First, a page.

Abdominal Aortic Branch Occlusion

Blockage or narrowing of one of the big arteries in the abdomen that branch off the aorta is known as abdominal aortic branch occlusion. Atherosclerosis, abnormal muscle growth in the artery’s wall (fibromuscular dysplasia), blood clots, and other conditions can cause aorta branches to become blocked (occluded).

  • A blockage creates symptoms in the area served by the artery, such as discomfort, due to a lack of blood flow.
  • The diagnosis is made using imaging studies.
  • The removal of a blood clot, angioplasty, or surgical bypass grafting is all options for treatment.

The aorta is the body’s biggest artery. It takes oxygen-rich blood from the heart and distributes it to the rest of the body via smaller arteries that branch off. The section of the aorta that goes through the abdominal cavity is known as the abdominal aorta. The arteries that give blood to the organs are important branches of the abdominal aorta.

  • Small intestine (celiac artery and superior and inferior mesenteric arteries)
  • Kidneys are organs that filter waste from the body (renal arteries)
  • Legs are the longest part of the body (iliac arteries)
  • The arteries that branch off the aorta might become blocked suddenly or gradually.

A blood clot that has formed in the artery or moved into it from elsewhere (embolism), or the layers of the artery suddenly separating, can cause sudden obstruction (acute occlusion) of branches of the abdominal aorta (dissection).

Hardening of the arteries (atherosclerosis), in which deposits of cholesterol and other fatty materials (atheromas or atherosclerotic plaques) develop in the walls of arteries, abnormal muscle growth in the artery’s wall (fibromuscular dysplasia), or compression of the artery by a growing abdominal tumor can all cause gradual blockage of branches of the abdominal aorta.

A similar blockage can occur in the legs or, less occasionally, the arms.

Abdominal Aortic Branch Occlusion Symptoms

A sudden blockage interrupts blood flow, resulting in extreme agony. Depending on whatever artery is blocked, pain may occur in the abdomen, back, or legs. Unless blood flow is restored, organ failure and tissue death (necrosis) ensue within hours.

The symptoms of a slowly forming blockage differ depending on which artery is affected and how severe the obstruction is.

Aorta inferior and iliac arteries

When the lower aorta is suddenly blocked where it separates into the common iliac arteries, both legs become uncomfortable, pallid, and chilly. The legs may go numb because there is no pulse. An iliac artery obstruction causes symptoms in only one leg.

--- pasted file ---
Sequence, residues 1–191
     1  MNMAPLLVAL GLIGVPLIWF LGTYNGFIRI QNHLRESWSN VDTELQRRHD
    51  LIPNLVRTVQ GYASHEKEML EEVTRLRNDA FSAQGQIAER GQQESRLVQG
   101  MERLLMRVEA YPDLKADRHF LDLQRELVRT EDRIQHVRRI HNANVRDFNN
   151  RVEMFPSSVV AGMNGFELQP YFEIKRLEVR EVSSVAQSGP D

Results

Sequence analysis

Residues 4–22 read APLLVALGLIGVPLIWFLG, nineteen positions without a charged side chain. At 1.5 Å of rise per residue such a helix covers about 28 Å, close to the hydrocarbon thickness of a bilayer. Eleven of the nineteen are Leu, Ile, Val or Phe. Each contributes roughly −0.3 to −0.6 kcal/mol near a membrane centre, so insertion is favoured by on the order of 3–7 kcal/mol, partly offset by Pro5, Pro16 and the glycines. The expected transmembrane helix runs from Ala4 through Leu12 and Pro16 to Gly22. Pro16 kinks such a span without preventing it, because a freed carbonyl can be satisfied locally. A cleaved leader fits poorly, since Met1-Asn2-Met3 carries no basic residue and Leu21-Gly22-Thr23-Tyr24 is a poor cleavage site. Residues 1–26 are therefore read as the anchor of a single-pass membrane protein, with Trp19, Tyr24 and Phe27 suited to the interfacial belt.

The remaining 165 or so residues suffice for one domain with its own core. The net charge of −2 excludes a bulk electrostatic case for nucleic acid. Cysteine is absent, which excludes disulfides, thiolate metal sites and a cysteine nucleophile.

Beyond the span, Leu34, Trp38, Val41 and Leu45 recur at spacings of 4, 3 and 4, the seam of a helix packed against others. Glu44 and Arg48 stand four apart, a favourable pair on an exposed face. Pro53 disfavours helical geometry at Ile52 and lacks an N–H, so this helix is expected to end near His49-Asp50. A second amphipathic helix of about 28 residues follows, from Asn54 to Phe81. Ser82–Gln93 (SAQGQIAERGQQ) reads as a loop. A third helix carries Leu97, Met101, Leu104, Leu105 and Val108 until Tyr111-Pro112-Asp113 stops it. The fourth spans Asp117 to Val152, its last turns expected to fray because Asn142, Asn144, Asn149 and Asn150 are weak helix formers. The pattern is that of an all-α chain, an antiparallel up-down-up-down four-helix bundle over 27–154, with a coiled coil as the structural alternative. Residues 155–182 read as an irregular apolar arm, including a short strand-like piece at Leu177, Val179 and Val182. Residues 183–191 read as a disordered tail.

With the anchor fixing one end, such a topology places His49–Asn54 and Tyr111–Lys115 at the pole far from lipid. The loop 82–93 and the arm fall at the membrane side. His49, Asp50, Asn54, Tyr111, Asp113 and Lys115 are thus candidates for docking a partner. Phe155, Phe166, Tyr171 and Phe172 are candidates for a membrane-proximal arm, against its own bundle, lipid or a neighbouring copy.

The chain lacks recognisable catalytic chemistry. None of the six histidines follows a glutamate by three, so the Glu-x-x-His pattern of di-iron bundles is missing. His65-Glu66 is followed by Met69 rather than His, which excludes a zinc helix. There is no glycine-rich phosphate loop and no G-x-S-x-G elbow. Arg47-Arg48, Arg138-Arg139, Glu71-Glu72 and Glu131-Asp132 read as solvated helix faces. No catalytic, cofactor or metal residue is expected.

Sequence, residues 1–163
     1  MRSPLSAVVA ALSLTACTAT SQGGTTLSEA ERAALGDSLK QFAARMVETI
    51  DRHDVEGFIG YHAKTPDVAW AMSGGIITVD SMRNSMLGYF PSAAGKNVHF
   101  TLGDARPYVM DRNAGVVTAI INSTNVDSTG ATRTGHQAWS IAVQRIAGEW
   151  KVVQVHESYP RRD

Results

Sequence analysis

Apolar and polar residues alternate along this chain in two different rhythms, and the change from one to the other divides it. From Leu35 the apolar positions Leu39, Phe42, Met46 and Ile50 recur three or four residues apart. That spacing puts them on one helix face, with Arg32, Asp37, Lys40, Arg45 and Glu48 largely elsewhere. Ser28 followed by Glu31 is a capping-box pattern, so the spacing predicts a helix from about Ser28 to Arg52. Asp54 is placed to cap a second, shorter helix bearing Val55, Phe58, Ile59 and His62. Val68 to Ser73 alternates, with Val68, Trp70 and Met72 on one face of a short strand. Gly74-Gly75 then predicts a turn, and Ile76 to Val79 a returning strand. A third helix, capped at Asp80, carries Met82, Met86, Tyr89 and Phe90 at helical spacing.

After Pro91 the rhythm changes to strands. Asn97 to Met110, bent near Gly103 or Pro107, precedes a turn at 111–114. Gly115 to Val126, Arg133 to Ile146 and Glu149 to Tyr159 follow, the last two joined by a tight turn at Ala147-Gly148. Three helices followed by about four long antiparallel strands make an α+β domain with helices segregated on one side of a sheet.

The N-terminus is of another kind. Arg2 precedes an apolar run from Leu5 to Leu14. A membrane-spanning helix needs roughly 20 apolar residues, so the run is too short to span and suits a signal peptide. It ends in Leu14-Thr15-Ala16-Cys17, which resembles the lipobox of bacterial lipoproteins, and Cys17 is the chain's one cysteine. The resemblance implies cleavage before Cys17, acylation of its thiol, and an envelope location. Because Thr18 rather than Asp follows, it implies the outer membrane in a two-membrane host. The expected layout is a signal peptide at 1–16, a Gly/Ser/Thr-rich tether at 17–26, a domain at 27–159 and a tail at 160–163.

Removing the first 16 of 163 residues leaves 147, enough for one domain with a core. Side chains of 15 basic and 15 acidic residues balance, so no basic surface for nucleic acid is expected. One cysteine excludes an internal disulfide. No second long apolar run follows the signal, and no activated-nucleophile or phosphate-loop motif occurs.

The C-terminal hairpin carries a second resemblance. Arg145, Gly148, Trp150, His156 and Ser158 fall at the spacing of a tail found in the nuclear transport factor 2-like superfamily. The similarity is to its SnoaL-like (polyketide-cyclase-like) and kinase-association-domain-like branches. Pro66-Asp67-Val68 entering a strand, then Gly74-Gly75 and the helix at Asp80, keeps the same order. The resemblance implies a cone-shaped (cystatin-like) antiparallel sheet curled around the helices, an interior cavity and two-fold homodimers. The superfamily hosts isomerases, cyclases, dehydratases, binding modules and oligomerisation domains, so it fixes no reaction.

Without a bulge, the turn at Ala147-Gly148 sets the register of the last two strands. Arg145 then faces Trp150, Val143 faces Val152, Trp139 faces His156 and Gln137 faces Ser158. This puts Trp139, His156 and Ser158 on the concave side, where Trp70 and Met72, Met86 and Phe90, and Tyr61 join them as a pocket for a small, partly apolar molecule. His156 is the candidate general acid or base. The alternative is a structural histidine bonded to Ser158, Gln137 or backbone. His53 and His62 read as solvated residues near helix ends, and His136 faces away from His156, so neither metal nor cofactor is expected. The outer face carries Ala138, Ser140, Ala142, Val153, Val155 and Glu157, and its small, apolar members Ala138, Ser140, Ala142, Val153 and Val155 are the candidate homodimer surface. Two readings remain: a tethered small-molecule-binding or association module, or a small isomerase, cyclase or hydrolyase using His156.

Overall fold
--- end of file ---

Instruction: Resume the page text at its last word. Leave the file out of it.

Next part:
Gradual constriction of the lower aorta or both common iliac arteries can produce cramping and soreness in the buttocks and thighs of both legs (intermittent claudication). The legs may also feel cold or appear pale, even though they appear to be normal. Erectile dysfunction can also be caused by a chronic blockage. Leriche syndrome is a term used to describe the conjunction of claudication and erectile dysfunction.

Arteries of the kidneys

A total blockage of one of the renal arteries, which supplies the kidneys, might result in sharp pain in the side and bloody urine.
The constriction of one or both renal arteries gradually and moderately may not create symptoms or compromise kidney function. More severe constriction of one or both renal arteries might cause kidney failure or excessive blood pressure in rare cases (a disorder called renovascular hypertension). Renovascular hypertension affects less than 5% of patients with high blood pressure. Renovascular hypertension, on the other hand, might be difficult to manage.

The superior mesenteric artery is a blood vessel that runs through the stomach.

A medical emergency is a sudden, full blockage of the superior mesenteric artery, which produces severe abdominal discomfort, nausea, and vomiting. Most people who have a blockage vomit at first and feel compelled to produce a bowel movement. Because the superior mesenteric artery serves a major portion of the intestine, they may become extremely unwell and experience considerable abdominal pain. When a doctor touches on the abdomen, it may feel uncomfortable, but the severe abdominal pain is usually more evident than the diffuse and vague discomfort.

Because the bowel requires more blood during digestion, gradual narrowing of the superior mesenteric artery causes pain 30 to 60 minutes after each meal. The pain is constant and strong, and it is frequently located around the navel. Because this pain makes patients scared to eat, they may lose a lot of weight. Nutrients may be inadequately absorbed into the bloodstream as a result of the diminished blood supply to the intestine, contributing to weight loss. Nausea, vomiting, constipation, and diarrhea are common symptoms of those who have pain after eating.

Hepatic and splenic arteries

Blockage of the hepatic or splenic arteries, which supply the liver and spleen, is usually less hazardous than blockage of the major arteries that supply the gut. Parts of the liver or spleen, however, may be damaged. Abdominal pain, fevers and chills, nausea, vomiting, and skin yellowing are all possible symptoms of hepatic artery blockage (jaundice).